Healthcare

Get tested and avoid Christmas parties if you have cold symptoms, Covid expert says



Anyone with a cold should take regular Covid-19 tests and avoid Christmas parties amid the spread of the omicron variant, a leading scientist has warned.

Tim Spector, an epidemiologist at King’s College London who runs the Covid Zoe app, said that up to a third of those with cold symptoms could have coronavirus infections.

The professor suggested there are many of these undetected cases in the UK, adding that things could get worse as the omicron strain becomes more widespread in the country.

Without increased self-testing, “we’re going to be compiling that problem much faster than we would need to”, he told Times Radio.

Prof Spector advised the public to work from home if they develop a sore throat or a sniffle, and to self-isolate “at least for a few days with cold-like symptoms”.

“I think everyone needs to be much more aware of a whole range of symptoms and not wait for the loss of smell or taste which may never come, not wait for fever, not wait for that persistent cough,” he added.

The genetic epidemiologist’s comments come as experts estimate there could be more than 1,000 omicron cases in the UK. This is far higher than the 246 infections caused by the variant which had been confirmed by the government as of Sunday.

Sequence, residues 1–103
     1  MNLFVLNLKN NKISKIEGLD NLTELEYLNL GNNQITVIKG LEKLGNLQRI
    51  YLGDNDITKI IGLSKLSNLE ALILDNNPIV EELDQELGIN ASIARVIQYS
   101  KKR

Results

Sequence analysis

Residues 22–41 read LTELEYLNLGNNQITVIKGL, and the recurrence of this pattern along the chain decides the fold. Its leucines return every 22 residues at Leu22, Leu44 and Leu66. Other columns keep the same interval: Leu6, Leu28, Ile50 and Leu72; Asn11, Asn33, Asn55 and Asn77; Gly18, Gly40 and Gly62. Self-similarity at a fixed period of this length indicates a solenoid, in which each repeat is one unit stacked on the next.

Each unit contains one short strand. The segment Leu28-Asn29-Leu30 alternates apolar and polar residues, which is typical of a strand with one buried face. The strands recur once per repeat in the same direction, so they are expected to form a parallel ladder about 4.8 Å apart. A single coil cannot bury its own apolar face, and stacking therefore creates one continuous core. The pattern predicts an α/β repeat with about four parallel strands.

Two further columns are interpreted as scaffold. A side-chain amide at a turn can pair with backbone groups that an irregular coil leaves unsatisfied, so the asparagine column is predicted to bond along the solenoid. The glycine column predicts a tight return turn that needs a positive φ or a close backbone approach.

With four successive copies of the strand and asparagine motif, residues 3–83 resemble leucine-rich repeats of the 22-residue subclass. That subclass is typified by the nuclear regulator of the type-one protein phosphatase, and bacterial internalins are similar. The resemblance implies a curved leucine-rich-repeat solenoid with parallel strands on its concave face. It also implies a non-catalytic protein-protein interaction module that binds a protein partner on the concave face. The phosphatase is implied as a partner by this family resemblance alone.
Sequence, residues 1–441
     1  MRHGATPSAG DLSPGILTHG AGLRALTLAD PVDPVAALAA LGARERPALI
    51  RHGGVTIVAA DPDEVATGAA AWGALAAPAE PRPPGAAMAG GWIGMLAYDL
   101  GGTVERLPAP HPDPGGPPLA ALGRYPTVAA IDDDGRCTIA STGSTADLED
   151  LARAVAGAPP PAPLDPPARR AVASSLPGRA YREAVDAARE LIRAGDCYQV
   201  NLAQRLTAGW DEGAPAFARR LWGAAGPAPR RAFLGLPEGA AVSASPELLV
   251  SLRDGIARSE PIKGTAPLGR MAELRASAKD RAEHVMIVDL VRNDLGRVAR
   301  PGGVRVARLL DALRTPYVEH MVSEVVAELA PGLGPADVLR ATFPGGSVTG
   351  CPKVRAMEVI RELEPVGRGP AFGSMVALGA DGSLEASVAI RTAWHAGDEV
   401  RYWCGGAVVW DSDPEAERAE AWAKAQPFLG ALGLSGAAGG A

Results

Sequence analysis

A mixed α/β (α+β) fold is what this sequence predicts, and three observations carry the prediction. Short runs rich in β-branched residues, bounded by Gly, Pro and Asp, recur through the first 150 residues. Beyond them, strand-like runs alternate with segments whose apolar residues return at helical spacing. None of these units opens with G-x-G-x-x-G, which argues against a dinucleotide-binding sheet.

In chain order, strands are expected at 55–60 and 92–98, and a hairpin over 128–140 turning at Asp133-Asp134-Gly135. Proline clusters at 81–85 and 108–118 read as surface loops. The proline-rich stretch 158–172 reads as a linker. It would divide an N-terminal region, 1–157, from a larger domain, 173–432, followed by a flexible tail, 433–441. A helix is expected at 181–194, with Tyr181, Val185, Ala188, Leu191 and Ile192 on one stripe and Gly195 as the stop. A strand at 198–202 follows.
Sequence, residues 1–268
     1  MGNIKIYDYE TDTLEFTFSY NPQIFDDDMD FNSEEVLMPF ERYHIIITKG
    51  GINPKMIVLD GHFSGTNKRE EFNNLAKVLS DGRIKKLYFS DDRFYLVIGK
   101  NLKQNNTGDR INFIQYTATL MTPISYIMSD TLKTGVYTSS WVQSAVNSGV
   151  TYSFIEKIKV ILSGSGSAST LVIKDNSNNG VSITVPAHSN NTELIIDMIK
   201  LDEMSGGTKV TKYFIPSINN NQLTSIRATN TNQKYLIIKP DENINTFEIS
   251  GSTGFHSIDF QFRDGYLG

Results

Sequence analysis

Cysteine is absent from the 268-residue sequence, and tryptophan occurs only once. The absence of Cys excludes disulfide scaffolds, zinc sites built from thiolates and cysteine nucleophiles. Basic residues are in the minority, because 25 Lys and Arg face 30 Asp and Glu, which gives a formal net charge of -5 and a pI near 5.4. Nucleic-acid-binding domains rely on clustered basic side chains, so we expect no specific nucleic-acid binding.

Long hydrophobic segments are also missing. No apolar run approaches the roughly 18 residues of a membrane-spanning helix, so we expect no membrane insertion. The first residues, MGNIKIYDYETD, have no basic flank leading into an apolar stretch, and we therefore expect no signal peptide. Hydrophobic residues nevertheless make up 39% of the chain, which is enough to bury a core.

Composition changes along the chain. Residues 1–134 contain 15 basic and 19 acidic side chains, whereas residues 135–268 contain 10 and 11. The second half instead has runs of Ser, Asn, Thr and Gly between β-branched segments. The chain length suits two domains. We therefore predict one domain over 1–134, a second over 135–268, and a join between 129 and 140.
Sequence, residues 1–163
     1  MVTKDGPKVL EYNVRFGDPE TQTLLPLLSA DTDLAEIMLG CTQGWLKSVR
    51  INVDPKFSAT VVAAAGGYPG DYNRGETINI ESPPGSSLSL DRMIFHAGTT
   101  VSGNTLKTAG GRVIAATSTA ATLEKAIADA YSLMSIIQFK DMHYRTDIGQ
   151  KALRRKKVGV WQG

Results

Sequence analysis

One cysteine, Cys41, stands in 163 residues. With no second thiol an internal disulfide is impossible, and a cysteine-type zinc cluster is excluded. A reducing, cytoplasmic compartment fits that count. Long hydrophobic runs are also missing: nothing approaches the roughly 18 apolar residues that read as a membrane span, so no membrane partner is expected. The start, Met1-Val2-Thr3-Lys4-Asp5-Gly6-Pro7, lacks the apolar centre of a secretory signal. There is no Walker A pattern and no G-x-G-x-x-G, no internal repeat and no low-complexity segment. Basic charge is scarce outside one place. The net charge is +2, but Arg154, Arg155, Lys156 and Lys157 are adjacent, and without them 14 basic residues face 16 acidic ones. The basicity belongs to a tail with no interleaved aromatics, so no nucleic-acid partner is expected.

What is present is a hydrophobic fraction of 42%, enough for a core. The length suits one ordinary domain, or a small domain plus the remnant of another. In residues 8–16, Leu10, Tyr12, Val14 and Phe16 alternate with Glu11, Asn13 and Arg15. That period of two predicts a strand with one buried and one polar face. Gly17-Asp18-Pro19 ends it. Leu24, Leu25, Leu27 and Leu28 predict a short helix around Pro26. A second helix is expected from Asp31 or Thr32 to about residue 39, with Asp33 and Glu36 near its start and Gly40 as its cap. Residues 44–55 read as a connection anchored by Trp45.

Professor Paul Hunter, who works at University of East Anglia’s school of medicine, said the latest variant of concern “is spreading rather more quickly than the Delta variant” and could become dominant within the month.

“The big remaining question is actually how harmful it is if you do get Covid with this omicron variant, and that’s the question that we’re struggling to answer at the moment,” he told the BBC.

As the omicron variant spreads, the government has insisted that Christmas parties should go ahead, despite public health warnings from scientists.

“The prime minister has been very clear on this, on Christmas parties. We don’t want people to cancel such events and there is no government guidance to that end,” a No 10 spokesperson said last week.

However, deputy prime minister Dominic Raab has decided his department will hold “appropriate drinks at a small scale” rather than have a large Christmas gathering because of the current coronavirus situation.



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